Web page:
Thanks for your thoughts!

      • Beth Herzhaft on April 19, 2016 at 11:39 am

        Great points. “Ego stroking” might not be the best word choice ? But it isn’t inherently bad: I feel that it is bad when it is not authentic. Appealing to that (ego) part of someone without it being genuine not so good. It works in the short-term but not in the long term. People do want to feel noticed and appreciated, it just is better when the observations are genuine.

        I might have been confusing your post topic with other things, so sorry about that if that was the case. I just see so many blog posts that seem to be designed for getting noticed by search engines more than having genuine feelings / content, so I was responding to that.


        • Filip Konecny on April 28, 2016 at 3:21 pm

          You’re right. Sometimes I feel like people are copying/pasting the content and just putting the proper names, locations etc. And sometimes I feel guilty for doing almost the same 🙂

  2. Jillane on April 13, 2016 at 11:51 am

    I love this! I’ve always heard this and tried (it takes intentionality) to do this conversation. Listening and asking other questions about their life is always a sure fire way to a friend!

  3. Daisy on April 13, 2016 at 11:52 am

    Another amazing post, Jenika! You always have such a great perspective that I find myself nodding along to & saying “That makes sense! I never thought of it that way before!” (Is this my appreciation gesture for you? ;D) Thanks for sharing & will definitely keep this in mind the next few days. Have a great week!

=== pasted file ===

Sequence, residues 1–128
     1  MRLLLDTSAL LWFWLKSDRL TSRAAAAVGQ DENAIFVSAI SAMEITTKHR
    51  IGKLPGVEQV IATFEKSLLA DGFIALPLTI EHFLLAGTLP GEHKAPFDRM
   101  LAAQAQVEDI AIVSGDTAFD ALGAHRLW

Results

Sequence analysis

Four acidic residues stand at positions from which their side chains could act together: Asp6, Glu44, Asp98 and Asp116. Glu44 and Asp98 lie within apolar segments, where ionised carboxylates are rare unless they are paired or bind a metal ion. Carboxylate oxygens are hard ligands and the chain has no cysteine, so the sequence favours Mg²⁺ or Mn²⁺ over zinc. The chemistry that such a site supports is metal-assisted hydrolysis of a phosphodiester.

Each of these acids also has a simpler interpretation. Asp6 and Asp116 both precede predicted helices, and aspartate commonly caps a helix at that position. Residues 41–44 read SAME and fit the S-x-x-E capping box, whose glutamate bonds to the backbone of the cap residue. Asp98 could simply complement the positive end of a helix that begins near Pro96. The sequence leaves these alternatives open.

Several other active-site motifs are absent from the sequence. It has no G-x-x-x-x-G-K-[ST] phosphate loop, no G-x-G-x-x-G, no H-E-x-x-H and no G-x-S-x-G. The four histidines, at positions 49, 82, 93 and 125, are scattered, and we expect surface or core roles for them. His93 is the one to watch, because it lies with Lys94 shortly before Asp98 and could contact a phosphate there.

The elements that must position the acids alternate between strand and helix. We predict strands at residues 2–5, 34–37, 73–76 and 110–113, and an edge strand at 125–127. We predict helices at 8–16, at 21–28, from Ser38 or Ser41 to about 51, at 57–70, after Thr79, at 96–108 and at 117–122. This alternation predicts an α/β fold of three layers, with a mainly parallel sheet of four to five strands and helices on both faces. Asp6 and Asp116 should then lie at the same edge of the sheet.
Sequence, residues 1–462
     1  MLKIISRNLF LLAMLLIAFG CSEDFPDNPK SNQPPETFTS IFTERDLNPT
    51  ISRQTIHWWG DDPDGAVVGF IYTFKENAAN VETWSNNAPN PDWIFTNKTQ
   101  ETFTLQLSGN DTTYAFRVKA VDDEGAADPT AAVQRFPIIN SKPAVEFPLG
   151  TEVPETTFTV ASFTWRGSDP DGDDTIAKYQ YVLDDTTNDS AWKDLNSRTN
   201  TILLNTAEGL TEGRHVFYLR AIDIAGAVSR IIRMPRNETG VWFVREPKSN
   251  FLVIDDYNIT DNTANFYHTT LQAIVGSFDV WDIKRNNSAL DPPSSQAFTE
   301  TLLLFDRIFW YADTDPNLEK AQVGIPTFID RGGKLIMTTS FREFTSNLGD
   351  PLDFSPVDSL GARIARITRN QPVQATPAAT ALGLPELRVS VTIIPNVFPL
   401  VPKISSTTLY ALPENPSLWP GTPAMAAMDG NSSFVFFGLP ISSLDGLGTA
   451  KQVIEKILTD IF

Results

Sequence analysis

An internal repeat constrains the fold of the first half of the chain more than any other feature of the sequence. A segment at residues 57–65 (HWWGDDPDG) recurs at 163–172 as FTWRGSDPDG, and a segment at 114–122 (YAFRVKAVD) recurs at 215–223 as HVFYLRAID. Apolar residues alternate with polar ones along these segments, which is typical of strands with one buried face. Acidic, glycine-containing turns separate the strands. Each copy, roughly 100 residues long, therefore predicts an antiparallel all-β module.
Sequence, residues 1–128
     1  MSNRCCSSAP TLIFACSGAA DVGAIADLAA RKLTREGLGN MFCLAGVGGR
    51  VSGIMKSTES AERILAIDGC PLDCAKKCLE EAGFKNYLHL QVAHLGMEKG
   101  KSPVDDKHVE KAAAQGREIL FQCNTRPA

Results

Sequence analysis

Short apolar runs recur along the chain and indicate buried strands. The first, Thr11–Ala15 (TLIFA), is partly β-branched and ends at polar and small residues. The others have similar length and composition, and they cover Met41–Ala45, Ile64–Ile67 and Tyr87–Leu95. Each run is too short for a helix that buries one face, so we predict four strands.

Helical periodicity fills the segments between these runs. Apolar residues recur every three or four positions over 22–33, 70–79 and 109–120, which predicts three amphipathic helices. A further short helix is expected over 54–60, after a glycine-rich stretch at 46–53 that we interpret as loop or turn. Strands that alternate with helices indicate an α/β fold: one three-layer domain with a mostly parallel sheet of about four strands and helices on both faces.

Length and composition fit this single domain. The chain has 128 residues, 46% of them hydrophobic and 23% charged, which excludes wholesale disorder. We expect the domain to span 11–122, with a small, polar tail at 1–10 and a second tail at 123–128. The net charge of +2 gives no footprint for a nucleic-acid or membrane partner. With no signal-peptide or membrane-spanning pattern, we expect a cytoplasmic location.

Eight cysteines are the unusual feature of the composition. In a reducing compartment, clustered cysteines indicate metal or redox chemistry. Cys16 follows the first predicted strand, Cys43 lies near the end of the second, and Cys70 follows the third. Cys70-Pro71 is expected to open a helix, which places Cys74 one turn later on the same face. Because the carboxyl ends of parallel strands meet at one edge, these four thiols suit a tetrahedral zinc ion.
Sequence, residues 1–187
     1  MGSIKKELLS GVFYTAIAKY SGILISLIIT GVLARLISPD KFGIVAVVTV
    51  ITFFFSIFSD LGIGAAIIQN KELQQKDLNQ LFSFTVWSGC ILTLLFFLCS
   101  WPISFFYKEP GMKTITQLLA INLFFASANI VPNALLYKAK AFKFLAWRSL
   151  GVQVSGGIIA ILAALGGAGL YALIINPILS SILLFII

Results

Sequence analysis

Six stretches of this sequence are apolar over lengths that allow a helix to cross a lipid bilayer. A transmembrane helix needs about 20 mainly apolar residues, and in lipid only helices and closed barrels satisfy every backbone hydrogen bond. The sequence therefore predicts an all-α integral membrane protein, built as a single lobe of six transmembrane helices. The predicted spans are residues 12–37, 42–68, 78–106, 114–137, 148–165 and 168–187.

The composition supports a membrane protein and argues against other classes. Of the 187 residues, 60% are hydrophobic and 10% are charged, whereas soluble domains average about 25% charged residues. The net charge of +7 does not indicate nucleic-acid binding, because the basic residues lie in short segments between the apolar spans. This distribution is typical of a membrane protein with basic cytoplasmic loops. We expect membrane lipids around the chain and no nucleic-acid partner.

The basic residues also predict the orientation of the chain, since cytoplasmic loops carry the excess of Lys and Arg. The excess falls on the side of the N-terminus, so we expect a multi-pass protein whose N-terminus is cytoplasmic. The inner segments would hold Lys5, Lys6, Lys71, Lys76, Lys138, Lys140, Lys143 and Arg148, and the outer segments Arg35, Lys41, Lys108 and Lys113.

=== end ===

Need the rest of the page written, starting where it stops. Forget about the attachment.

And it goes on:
• Jenika on April 13, 2016 at 4:25 pm

      I appreciate your kind comments. Thanks for taking time out of your days to extend a kind hand to others.

  4. Sandy on April 13, 2016 at 12:34 pm

    It is interesting how you put into words such basic elements of kindness. I try to find a more interesting way to state or question the obvious and you nailed it in such simple terms. Thank you. I do not have a blog, but when I do I would take your course. I do write short articles for different newsletters about catching someone doing something good. Thanks for the additional perspectives I will practice.

    • Jenika on April 13, 2016 at 4:24 pm

      People like stories about people. We automatically engage. Let me know how it works out for what you do! I would love to hear more.

  5. Jessica S on April 13, 2016 at 1:13 pm

    I absolutely love this! I’m getting ready to start my photography business blog and was just looking for a way to differentiate myself from the typical post. Thank you!

  6. Tavia on April 13, 2016 at 1:45 pm

    Brilliant! You did a wonderful job explaining this, thank you for your insight 🙂

  7. Leo on April 13, 2016 at 2:28 pm

    Blogging is by far the hardest thing for me. I’m naturally shy and not the best with words. So I hesitate posting. Often times I’ll write out an entire post and then delete or hide it because I feel it’s stupid. After reading this I finally feel I can write something that will come naturally. Even if it’s just a few brief sentences.

    • Jenika on April 13, 2016 at 4:14 pm

      The cool thing about blogging is that it provides infinite chances to try again. So what if a post is bad? You can try again tomorrow. I don’t know a single blogger who doesn’t look at their early posts and have a good laugh at their early efforts. But you get better by doing. Hope this nudges you to start again! You can do this!

  8. Wayfaring Wanderer on April 13, 2016 at 3:14 pm